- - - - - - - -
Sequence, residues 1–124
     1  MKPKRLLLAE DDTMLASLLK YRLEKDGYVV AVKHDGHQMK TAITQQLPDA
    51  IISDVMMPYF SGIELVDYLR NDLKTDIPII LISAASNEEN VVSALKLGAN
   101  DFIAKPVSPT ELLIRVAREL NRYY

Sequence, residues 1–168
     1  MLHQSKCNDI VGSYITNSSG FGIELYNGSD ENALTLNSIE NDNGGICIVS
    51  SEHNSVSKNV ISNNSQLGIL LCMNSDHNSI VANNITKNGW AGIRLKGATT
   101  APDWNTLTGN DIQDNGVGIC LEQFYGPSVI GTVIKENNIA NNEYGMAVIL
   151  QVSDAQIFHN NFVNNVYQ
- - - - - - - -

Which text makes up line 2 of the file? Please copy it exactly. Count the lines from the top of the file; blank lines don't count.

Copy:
     1  MKPKRLLLAE DDTMLASLLK YRLEKDGYVV AVKHDGHQMK TAITQQLPDA